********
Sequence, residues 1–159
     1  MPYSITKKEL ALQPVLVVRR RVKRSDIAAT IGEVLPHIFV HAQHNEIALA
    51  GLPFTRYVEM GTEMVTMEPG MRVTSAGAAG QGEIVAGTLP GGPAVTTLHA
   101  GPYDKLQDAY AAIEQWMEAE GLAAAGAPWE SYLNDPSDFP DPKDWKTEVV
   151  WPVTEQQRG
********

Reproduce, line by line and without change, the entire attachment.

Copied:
Sequence, residues 1–159
     1  MPYSITKKEL ALQPVLVVRR RVKRSDIAAT IGEVLPHIFV HAQHNEIALA
    51  GLPFTRYVEM GTEMVTMEPG MRVTSAGAAG QGEIVAGTLP GGPAVTTLHA
   101  GPYDKLQDAY AAIEQWMEAE GLAAAGAPWE SYLNDPSDFP DPKDWKTEVV
   151  WPVTEQQRG